People are worried about the wrong inflation
Inflation is back. And it’s a hot topic again in the media.
We haven’t experienced disruptive levels of economic inflation since the early 1980s. Anyone who lived through that period is probably reluctant to relive those memories. For those who were borrowing money at that time, particularly, life was hard.
But economic inflation, while important, is not the most dangerous form of price increases. There is another, far more destructive, type of inflation that can wreak havoc on people’s finances over time. It’s called lifestyle inflation.
I worry far more about lifestyle inflation than I do economic inflation. You should too.
Most people understand economic inflation. It is the general increase in prices for things we buy – houses, vehicles, milk, bread, medical care, clothes, detergent and many other goods and services. When production costs increase or when demand exceeds supply, prices rise. That is economic inflation.
So what is lifestyle inflation?
Lifestyle inflation is a far more individualized form of price increases. It is the tendency for people to spend more as their income increases. As we get promoted or start new jobs at higher salaries, we often use some or all of that increase in compensation to buy additional goods and services. After some time, we simply get used to this higher level of spending and it becomes our new standard of living.
When lifestyle inflation creeps in – bigger house, newer vehicle, more vacations, additional stuff – it becomes incredibly painful to cut back on those luxuries if income later declines – whether that be from a job loss or retirement. That is the danger of lifestyle inflation. We back ourselves into a corner that we don’t want to leave.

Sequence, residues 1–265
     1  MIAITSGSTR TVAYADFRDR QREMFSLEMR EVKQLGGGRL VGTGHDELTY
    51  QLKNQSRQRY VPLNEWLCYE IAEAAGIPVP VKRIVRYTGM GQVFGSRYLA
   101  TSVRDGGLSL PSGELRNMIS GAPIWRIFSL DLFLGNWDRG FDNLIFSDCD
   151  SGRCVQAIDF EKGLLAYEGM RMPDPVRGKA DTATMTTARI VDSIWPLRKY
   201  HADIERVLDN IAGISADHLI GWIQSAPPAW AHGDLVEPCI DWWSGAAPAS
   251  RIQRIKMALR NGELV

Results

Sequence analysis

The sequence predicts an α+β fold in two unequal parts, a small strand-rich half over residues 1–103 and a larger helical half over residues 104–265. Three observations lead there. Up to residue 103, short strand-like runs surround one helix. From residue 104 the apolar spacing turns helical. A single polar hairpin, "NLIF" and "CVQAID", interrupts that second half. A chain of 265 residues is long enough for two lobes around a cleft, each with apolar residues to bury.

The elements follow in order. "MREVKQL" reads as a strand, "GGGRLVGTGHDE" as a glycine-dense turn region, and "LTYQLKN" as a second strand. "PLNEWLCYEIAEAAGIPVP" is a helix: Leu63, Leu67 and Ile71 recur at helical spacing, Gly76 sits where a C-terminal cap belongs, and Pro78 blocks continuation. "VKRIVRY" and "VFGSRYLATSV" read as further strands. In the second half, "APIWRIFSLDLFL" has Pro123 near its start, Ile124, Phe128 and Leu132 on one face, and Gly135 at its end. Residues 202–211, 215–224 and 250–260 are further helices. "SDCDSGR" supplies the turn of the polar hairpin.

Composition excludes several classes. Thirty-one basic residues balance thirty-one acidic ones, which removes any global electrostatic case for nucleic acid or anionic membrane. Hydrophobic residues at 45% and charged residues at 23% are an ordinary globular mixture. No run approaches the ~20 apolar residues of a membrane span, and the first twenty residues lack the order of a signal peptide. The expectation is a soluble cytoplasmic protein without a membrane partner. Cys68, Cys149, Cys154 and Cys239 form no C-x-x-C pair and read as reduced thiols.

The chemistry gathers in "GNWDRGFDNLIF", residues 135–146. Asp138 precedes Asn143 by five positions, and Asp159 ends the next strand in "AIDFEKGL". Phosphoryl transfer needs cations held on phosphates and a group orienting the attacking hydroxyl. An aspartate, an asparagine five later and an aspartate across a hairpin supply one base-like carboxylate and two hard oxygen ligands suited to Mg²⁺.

To be clear, both forms of inflation can be harmful.
Economic inflation can be devastating to investment portfolios – bonds and stocks alike. If your wages don’t keep up with inflation, you eventually lose purchasing power and erode your wealth as the things you buy increase in price while your income remains stagnant.
So why do I worry so little about economic inflation, and why do I suggest you worry less about it too? Two reasons.
For starters, we can’t change economic inflation. It is entirely out of our control. No matter what we do individually, we have no ability to affect economic inflation.
And second, there are very few reliable investment solutions to take advantage of high economic inflation. Commodities tend to perform well in inflationary environments – things like oil, agricultural products, and precious metals. But it’s extremely difficult to successfully time the purchase and sale of commodities. I strongly suspect more money has been lost by investors who have tried and failed to properly time commodity trades than has ever been made by those who successfully bought and sold them.
While economic inflation is out of our control and is nearly impossible to profit from consistently, lifestyle inflation is totally under our control. We can choose to keep a lid on expenses.
Think of it this way. If you make $50,000 a year and have lifestyle spending needs of $49,000, you are far better off than if you made $100,000 but had lifestyle spending needs of $101,000.
Living on less than you earn is a superpower. It gives you options. If an opportunity arises, you have reserves available to profit from the situation. It also allows you to sidestep the pain of significantly cutting back on life’s luxuries if you are thrown a financial curveball at some point.
Keep in mind, economic inflation comes and goes, but lifestyle inflation has a nasty way of sticking around.
Manage what you can control. Diligently focus on lifestyle inflation. Leave the fussing about economic inflation to the talking heads in the media.
Justin Lueger, CFP®, is President of Invisor Financial LLC, a registered investment adviser firm in the State of Kansas. All opinions expressed are his own and should not be viewed as individual advice. He can be reached at [email protected]
This column is paid for by Invisor.